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The deposition of fibers and spheres at the carina in excised lungs.
Esmen NA; Kahn RA
Proceedings of the VIIth International Pneumoconioses Conference, August 23-26, 1988, Pittsburgh, Pennsylvania, USA. Atlanta, GA: U.S. Department of Health and Human Services, Public Health Service, Centers for Disease Control, National Institute for Occupational Safety and Health, DHHS (NIOSH) Publication No. 90-108, 1990 Sep; (Part I):571-575
An investigation was conducted to comparative deposition of fibers and spheres at the carina in an effort to provide valuable insight into the deposition of fibers in the tracheobronchial system. Nearly monodispere, size classified glass spheres and glass fibers were prepared. Twenty nine pneumonia free calf lungs were obtained at the time of slaughter. The lungs were exposed for about 20 minutes to the prepared dust. The trachea was sliced into two sections for analysis of deposited particles. The authors conclude that this method for evaluating particle deposition at the carina in excised lungs can be used to investigate the influence of sedimentation, interception and diffusion on fiber removal. Altering the physical properties of the particles and/or the tracheal velocities should provide suitable conditions to derive empirical relationships defining the interplay of particle and airflow characteristics and removal efficiencies via these other deposition mechanisms. By choosing several large fiber sizes of equal impactive potential but of dramatically different length, the deposition enhancement by interception may be investigated.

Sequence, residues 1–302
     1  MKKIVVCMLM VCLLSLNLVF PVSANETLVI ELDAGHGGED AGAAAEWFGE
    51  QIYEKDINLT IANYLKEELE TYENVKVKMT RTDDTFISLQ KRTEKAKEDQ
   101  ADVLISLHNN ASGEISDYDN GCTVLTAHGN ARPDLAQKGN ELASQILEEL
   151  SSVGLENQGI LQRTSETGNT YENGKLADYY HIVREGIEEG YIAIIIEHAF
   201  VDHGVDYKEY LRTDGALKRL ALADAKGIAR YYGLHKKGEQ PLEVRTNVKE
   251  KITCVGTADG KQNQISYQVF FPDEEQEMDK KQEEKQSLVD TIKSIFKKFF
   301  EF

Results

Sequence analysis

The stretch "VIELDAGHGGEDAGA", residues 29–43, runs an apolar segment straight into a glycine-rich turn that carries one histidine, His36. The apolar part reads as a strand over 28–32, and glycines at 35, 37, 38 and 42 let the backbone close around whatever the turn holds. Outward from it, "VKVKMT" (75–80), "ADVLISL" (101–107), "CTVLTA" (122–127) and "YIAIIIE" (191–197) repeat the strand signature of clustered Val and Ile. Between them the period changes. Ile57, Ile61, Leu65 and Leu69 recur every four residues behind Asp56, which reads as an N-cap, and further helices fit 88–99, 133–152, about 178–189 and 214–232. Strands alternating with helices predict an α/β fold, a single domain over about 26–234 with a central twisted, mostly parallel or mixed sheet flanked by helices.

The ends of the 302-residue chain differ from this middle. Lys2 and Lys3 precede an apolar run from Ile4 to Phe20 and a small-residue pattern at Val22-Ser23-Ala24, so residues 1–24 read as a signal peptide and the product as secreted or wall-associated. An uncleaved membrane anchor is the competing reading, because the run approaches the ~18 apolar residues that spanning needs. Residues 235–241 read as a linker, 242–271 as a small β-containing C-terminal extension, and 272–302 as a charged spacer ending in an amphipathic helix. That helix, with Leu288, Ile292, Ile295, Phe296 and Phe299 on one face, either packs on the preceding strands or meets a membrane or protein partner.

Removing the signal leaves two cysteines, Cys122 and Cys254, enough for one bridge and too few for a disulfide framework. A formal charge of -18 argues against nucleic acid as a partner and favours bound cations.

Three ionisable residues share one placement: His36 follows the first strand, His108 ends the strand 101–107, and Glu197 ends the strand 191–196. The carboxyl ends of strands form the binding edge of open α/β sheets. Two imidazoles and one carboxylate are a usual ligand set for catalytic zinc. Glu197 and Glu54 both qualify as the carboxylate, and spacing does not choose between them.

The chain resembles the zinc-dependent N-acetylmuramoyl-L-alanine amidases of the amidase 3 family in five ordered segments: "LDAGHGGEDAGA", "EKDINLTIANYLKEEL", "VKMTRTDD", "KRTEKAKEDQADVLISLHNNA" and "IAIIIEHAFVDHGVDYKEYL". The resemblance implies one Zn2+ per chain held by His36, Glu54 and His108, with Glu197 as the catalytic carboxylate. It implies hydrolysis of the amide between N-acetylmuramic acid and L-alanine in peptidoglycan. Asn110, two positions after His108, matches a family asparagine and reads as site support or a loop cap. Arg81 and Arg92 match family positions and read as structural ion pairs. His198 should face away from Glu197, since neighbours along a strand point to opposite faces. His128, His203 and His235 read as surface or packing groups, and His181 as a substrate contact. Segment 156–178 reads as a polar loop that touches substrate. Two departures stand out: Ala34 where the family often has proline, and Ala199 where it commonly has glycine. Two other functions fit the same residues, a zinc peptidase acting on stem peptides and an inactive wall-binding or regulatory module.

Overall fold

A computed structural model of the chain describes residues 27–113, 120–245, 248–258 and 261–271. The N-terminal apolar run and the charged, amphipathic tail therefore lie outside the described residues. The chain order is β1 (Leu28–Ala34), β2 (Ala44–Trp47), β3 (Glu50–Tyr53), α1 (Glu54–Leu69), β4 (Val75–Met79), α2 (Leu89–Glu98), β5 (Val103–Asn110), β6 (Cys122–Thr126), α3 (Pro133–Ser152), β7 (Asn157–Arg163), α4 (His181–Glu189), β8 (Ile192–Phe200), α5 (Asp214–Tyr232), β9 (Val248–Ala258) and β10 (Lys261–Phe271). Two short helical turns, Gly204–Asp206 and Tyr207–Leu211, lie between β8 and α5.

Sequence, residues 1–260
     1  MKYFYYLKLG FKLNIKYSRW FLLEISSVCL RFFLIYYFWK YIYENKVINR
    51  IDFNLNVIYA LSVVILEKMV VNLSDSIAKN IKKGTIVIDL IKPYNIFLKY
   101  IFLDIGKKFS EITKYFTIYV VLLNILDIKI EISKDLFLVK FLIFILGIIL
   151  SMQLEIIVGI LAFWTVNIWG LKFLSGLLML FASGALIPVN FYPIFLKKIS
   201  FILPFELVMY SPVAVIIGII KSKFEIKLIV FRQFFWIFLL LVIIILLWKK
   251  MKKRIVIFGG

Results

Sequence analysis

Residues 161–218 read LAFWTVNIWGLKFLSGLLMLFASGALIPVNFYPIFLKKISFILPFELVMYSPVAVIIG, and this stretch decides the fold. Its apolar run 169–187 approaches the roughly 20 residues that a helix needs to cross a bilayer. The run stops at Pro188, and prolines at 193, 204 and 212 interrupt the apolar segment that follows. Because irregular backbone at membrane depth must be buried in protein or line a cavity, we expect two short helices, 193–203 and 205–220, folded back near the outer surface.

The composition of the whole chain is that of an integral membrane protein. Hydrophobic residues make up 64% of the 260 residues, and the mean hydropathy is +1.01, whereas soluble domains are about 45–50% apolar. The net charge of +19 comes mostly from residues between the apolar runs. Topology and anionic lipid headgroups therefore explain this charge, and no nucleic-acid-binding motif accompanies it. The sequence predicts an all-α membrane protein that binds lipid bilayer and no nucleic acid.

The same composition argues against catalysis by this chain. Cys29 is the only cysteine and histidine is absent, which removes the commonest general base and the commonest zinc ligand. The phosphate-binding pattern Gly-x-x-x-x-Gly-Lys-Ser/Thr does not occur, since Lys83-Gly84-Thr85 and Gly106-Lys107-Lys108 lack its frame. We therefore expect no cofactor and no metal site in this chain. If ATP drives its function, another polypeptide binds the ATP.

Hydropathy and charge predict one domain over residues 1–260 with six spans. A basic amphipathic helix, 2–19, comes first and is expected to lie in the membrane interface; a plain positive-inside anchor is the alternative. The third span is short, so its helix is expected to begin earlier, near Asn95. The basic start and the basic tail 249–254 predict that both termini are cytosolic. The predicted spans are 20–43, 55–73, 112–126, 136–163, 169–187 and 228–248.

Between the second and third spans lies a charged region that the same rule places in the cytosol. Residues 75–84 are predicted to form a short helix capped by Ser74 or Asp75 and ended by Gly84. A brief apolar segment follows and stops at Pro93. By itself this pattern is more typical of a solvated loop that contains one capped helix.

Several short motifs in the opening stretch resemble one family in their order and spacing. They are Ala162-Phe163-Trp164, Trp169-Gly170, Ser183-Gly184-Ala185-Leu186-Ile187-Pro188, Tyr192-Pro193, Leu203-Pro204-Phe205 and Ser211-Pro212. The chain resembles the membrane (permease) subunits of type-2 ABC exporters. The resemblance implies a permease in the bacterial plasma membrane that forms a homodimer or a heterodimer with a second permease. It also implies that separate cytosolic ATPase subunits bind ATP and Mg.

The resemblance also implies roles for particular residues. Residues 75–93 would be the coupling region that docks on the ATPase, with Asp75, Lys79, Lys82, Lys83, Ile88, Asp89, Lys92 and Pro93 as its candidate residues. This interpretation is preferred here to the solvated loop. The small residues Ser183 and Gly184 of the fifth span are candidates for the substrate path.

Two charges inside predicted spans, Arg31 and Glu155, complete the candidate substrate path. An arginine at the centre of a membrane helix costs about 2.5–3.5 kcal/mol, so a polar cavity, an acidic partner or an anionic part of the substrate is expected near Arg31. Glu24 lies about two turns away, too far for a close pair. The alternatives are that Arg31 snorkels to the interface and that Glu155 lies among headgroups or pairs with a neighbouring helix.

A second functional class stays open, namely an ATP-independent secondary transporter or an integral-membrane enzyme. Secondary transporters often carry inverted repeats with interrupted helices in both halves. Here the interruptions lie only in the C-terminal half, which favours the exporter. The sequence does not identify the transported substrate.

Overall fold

Tissue distribution; Body burden; Airborne dusts; Fibrous bodies; Cell damage; Dust exposure; Silica dusts; Lung cells; Cell function; Laboratory animals; In vitro study
DHHS (NIOSH) Publication No. 90-108
Proceedings of the VIIth International Pneumoconioses Conference, August 23-26, 1988, Pittsburgh, Pennsylvania, USA
Page last reviewed: June 15, 2021
Content source: National Institute for Occupational Safety and Health Education and Information Division